The Massachusetts Gaming Commission launched an investigation of Steve Wynn and Wynn Resorts nearly a year ago after reports of Steve Wynn's “decades-long pattern of sexual misconduct.” The investigation was nearly complete last year, when some additional documents surfaced and were turned over to the commission by Wynn Resorts. Those documents are now part of a court fight in Las Vegas initiated by Steve Wynn, who alleges the materials are covered by attorney-client privilege.
While Nevada judge Elizabeth Gonzalez tries to sort out the legal issues (a hearing is scheduled for Friday), the Gaming Commission is facing tremendous heat at home for an investigation that never seems to end.
Colette A.M. Phillips, who runs her own communications firm in Boston, asks “what’s the holdup” in a Boston Globe op-ed. She says anyone who had any sort of role – direct or indirect – in Steve Wynn’s alleged predatory behavior is gone.
“So who is being punished while the Massachusetts Gaming Commission is still investigating people who no longer work at Wynn Resorts?” Phillips asks. “That would be the men and women who are looking to the casino for professional opportunity and the chance at a better life for themselves and their families, and the city of Everett, which is in desperate need of an economic boost and urban renewal. All told, Encore promises to deliver 5,000 job opportunities for people in Massachusetts: good-paying, blue-collar jobs, from dealers to wait staff to cooks. Many of these people have already begun training.”
Phil Satre, the chairman of the Wynn Resorts board, said early last month that the company has severed ties with Steve Wynn and parted ways with anyone else regulators would deem unsuitable.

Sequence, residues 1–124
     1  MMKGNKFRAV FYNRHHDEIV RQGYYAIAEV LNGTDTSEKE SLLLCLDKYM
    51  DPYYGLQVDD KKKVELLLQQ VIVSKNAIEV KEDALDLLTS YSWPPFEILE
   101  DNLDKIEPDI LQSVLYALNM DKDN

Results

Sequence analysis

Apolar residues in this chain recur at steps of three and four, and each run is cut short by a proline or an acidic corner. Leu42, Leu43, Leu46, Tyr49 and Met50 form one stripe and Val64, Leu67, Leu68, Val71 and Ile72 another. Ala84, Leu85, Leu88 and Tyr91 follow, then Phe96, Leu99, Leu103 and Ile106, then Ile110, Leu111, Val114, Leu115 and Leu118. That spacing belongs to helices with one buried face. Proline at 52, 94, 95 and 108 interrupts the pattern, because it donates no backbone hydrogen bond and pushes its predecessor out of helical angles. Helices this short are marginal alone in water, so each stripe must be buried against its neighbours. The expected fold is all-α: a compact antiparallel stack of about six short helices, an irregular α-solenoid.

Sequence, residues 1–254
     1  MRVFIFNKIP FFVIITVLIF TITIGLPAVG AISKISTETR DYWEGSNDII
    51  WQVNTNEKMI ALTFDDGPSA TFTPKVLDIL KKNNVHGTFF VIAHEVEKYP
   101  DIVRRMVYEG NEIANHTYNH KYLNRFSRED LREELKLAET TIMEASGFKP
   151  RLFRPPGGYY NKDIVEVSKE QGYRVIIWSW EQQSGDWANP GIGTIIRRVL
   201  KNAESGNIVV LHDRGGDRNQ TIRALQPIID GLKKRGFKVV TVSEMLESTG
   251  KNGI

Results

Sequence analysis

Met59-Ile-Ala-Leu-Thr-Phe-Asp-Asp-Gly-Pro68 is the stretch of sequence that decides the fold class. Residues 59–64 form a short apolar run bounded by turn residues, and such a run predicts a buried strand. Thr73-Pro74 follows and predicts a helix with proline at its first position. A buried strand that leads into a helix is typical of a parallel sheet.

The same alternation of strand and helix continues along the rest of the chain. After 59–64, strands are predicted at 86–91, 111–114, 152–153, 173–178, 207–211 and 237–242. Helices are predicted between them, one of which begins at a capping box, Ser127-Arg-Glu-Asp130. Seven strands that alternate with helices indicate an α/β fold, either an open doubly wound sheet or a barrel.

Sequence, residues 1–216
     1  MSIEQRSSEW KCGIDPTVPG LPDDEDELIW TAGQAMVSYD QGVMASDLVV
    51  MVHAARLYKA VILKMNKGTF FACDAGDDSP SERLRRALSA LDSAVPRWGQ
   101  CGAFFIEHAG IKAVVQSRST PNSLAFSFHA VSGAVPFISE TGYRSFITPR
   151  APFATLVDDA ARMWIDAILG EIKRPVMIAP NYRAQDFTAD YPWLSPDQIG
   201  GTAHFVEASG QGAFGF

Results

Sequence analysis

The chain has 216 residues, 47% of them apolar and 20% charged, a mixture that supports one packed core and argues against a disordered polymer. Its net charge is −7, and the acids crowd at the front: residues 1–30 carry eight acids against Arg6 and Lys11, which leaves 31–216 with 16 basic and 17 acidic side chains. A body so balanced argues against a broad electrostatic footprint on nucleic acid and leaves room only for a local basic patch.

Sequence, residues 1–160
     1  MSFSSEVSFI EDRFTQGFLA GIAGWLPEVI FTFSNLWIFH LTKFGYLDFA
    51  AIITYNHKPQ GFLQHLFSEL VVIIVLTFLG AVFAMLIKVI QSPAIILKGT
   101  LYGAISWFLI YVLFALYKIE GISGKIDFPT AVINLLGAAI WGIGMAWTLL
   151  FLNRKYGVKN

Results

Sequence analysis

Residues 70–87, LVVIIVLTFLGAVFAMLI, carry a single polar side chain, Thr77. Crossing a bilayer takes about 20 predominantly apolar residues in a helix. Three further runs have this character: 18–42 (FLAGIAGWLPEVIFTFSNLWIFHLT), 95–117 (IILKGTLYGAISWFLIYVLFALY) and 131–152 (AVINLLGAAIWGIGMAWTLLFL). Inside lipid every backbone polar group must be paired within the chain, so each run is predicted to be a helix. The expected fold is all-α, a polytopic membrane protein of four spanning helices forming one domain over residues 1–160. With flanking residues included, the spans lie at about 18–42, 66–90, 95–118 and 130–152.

As for the documents Steve Wynn is seeking to suppress, Satre said that’s a legal debate about attorney-client privilege; he says the documents themselves are not smoking-gun material. “I don’t particularly think that there’s anything that’s significant in terms of the primary area of investigation,” he said.
“I don’t know the answer to that, but I can give you my best guess,” Satre said. “About five or six weeks ago, Ed Bedrosian [the executive director of the Gaming Commission] was responding to questions in one of the commission meetings on why the process has been delayed. And Ed said we’re going to be as thorough and as complete as we possibly can be, and only once we get through this process and have all of the documents will we then present that to the commission.”
Commission officials aren’t saying much publicly, but they clearly see the fight over the records as important. Some at the commission see Steve Wynn’s lawsuit as a fishing expedition designed to block the release of the report; after all, the Nevada Gaming Commission received the same disputed documents from Wynn Resorts but Steve Wynn isn’t suing that agency to suppress them.
Michael Rawlins, the attorney representing the Massachusetts Gaming Commission in Las Vegas, said he and attorneys representing Wynn Resorts and Steve Wynn are trying to decide what interviews and documents must be reviewed to determine whether they are privileged. Judge Gonzalez will step in if the parties cannot agree.
Rawlins said in court in late December that the Gaming Commission wants to release its report as soon as possible, but it is unwilling to simply turn over the report to Steve Wynn. “We do not want to open the investigative files of a law enforcement agency to the curious eyes of the person whose behavior is the subject of the investigation,” he said.